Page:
The Engagement Zone

While speaking recently on how to ignite employee engagement, I found myself retelling one of my personal stories as a way of illustrating the benefits of having employees aligned around one single mission.

Last year, I spent six hours in the ER. I told the attending physician that either I was giving birth, or a very angry, toothy alien was gnawing through my innards in search of daylight.  Turns out, I had kidney stones. And once the pain medication kicked in, I began to appreciate other things about the hospital, like how this ER team functioned as one engaged unit.

The orderly named Jason carted me to x-ray, the whole time explaining where we were going and what I should expect. He had an easy and quick laugh which put me at ease and distracted me from my pain. Jason told me that he had tried to get a position within this particular hospital for more than two years because it had an excellent reputation for how it cared for its employees and its patients. Engagement shows in the way employees treat customers.

The CAT scan tech named Tom came from another regional hospital.  Tom told me he looked for openings within this hospital for nearly eight years before finding one. It seemed that few employees ever leave! When I told him how kind and caring everyone was being to me, he asked, “Can you be sure to tell your nurses? I’m sure they would appreciate hearing that personally.” Engagement shows in the way employees care about their colleagues.

I recognized one of my nurses named Jill, who months before shaved her head alongside me to raise money for the St. Baldrick’s Foundation. I noticed that Jill demonstrated the same sweet, personable nature outside the “office” that she brought with her in life. Engagement shows in the way that employees are encouraged to be themselves at work each day.

Another nurse named Tracie came to work at this hospital six months before from another regional hospital. While monitoring my vitals and making me comfortable, she told me, “What a difference!” when she compared the hospital administrators at her last job with those at her current one. She described her leaders by repeatedly using the word “FANTASTIC!”, and she confided that she planned to retire in this job. Engagement shows in the way employees talk about their organizations and their leaders.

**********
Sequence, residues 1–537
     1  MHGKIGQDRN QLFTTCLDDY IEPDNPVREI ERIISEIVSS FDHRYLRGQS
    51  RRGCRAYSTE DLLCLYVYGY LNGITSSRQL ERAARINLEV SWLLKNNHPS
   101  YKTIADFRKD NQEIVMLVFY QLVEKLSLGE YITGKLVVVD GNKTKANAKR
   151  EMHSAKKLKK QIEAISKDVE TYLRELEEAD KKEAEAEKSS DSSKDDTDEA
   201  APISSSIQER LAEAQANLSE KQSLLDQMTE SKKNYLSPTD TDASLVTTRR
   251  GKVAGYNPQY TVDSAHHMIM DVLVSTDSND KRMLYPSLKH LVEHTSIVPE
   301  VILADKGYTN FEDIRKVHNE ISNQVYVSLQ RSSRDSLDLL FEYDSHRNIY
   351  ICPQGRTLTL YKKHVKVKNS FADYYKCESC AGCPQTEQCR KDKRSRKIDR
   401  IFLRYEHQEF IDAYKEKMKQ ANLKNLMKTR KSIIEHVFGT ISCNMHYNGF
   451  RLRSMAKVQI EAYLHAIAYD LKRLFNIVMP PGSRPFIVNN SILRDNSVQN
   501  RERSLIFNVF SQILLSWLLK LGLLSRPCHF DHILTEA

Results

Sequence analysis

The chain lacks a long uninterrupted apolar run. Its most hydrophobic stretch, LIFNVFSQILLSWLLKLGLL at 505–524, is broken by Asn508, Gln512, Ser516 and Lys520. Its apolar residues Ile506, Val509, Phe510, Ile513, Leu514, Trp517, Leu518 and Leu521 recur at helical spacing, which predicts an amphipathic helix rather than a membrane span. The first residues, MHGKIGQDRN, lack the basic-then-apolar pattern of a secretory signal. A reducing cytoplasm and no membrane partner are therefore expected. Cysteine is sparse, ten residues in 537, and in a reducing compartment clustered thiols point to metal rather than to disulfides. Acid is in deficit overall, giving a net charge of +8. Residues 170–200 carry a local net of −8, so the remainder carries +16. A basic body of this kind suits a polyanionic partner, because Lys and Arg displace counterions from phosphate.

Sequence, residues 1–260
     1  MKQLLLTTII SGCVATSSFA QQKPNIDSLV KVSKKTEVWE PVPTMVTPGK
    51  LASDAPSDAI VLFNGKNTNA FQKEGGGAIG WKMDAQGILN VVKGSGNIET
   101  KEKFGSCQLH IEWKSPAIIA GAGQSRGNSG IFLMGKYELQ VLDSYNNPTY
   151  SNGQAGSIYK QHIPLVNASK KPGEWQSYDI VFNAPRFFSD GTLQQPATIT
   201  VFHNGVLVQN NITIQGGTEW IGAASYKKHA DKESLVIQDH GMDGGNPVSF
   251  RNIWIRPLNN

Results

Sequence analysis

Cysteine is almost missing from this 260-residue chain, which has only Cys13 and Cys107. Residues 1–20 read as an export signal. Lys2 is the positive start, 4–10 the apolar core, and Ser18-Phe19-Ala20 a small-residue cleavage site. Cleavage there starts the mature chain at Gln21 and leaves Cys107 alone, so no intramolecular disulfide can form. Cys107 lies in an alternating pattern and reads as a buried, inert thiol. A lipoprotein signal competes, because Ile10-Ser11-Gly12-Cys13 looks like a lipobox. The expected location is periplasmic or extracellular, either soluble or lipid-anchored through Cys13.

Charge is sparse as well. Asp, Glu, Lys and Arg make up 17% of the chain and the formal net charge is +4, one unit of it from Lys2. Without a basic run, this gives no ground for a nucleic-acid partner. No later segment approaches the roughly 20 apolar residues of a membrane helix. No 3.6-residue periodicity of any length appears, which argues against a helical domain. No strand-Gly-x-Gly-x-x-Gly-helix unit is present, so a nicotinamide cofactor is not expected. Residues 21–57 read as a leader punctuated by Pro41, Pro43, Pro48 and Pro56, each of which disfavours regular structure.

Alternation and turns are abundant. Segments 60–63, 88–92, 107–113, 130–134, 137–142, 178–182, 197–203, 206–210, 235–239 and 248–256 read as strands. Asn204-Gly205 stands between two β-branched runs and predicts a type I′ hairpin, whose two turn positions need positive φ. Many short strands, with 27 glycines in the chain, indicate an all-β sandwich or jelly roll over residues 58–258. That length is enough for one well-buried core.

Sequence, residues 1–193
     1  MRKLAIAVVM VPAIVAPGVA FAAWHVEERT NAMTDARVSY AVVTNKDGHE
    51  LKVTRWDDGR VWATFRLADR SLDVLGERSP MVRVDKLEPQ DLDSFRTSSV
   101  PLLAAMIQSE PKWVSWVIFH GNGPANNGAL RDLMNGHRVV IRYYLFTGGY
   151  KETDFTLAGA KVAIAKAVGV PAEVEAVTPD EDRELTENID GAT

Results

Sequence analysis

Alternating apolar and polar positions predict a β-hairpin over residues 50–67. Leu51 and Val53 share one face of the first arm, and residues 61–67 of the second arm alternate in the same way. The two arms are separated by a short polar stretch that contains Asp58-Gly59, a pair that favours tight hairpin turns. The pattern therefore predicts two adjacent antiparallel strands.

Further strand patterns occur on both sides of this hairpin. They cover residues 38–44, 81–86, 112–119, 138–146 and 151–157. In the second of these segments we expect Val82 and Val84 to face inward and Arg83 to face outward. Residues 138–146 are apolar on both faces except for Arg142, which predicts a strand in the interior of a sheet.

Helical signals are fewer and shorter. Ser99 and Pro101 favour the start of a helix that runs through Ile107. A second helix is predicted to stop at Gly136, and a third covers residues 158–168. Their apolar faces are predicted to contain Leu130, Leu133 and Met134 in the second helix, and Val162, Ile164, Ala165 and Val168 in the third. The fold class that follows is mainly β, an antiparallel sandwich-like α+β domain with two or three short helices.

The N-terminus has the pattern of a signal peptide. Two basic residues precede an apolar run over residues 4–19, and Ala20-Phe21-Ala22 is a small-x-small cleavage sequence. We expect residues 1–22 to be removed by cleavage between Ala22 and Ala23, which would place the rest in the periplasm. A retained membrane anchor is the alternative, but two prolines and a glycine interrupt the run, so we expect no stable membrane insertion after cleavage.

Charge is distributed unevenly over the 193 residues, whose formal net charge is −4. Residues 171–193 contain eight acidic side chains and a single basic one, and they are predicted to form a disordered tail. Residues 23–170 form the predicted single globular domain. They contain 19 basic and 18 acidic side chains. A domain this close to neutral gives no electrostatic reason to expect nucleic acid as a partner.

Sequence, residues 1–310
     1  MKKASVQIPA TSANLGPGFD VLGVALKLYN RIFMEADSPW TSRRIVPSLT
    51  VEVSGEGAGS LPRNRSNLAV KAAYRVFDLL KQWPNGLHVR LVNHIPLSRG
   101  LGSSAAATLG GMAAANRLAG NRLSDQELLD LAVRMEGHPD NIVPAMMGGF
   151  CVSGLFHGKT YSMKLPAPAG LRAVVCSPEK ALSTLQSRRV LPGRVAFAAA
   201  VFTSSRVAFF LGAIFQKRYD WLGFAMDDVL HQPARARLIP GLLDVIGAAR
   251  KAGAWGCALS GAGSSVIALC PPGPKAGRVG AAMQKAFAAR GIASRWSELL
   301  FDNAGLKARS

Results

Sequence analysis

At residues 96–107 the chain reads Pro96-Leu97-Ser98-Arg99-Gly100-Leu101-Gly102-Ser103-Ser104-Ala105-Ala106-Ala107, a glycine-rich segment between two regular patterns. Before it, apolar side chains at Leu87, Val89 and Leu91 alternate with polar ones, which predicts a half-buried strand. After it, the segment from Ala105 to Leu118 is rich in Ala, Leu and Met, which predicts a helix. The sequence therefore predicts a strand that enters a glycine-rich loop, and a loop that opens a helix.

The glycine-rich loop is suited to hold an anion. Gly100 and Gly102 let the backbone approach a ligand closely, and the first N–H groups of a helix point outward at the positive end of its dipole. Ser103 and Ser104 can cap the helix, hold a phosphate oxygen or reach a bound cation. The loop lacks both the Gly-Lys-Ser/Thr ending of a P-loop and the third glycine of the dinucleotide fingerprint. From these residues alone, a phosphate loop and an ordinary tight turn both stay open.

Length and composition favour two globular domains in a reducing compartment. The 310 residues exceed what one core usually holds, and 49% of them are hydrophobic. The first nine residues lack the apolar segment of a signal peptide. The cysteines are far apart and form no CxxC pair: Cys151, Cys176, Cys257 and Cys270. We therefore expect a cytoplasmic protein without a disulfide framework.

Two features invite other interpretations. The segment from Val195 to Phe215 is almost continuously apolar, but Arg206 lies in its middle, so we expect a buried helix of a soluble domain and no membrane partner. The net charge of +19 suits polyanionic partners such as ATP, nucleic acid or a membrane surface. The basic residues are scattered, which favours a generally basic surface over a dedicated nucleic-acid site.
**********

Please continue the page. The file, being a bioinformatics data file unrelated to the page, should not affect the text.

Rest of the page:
Dr. Wilson, the knowledgeable, charismatic ER doctor, became a hero of mine. Yes, I had a little man-crush on him, perhaps in part because of the medication he prescribed me. But more that, I never imagined he had other patients. He took his time with me, answering questions, and even making me laugh. Engagement shows in the way that every member of the team–regardless of level or role–brings their best game to work. 

What do hospitals have in common? They employ people with similar degrees: M.D.s, R.N.s, L.P.N.s, etc. They use similar tools and technologies like X-rays, syringes, examination tables, drugs. They have processes and protocols, administrators and ambulances. What separates good hospitals from great ones? The best have engaged employees who rally around a single, unifying mission.

Getting your employees into the ENGAGEMENT ZONE–the place where fantastic outcomes are realized–requires a savvy leader, a leader with…

  • the power to create a mission that focuses employee efforts to what matters most to the business,
  • the power to craft a high engagement environment regardless if the industry handles healthcare solutions, high tech gadgets or secondhand clothes, and
  • the power to connect employee passions with customer needs.

As a leaders, you have the opportunity and the responsibility to unleash the full potential of your employees.

Ready to take your engagement-building skills and the engagement levels of your employees to the next level? Contact me today for a free consultation!



Leave a Reply

Your email address will not be published. Required fields are marked *